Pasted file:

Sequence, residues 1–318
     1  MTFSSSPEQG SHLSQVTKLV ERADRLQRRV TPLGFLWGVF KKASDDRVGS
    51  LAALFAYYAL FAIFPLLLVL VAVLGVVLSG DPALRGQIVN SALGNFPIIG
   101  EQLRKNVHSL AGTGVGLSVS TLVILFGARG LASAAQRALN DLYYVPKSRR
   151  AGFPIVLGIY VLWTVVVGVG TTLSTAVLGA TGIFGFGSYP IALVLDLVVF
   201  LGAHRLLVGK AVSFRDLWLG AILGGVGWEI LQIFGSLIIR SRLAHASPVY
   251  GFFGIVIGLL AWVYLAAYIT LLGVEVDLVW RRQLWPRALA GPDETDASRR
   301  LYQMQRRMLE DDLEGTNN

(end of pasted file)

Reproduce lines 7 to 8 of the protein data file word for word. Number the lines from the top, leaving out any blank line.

   251  GFFGIVIGLL AWVYLAAYIT LLGVEVDLVW RRQLWPRALA GPDETDASRR
   301  LYQMQRRMLE DDLEGTNN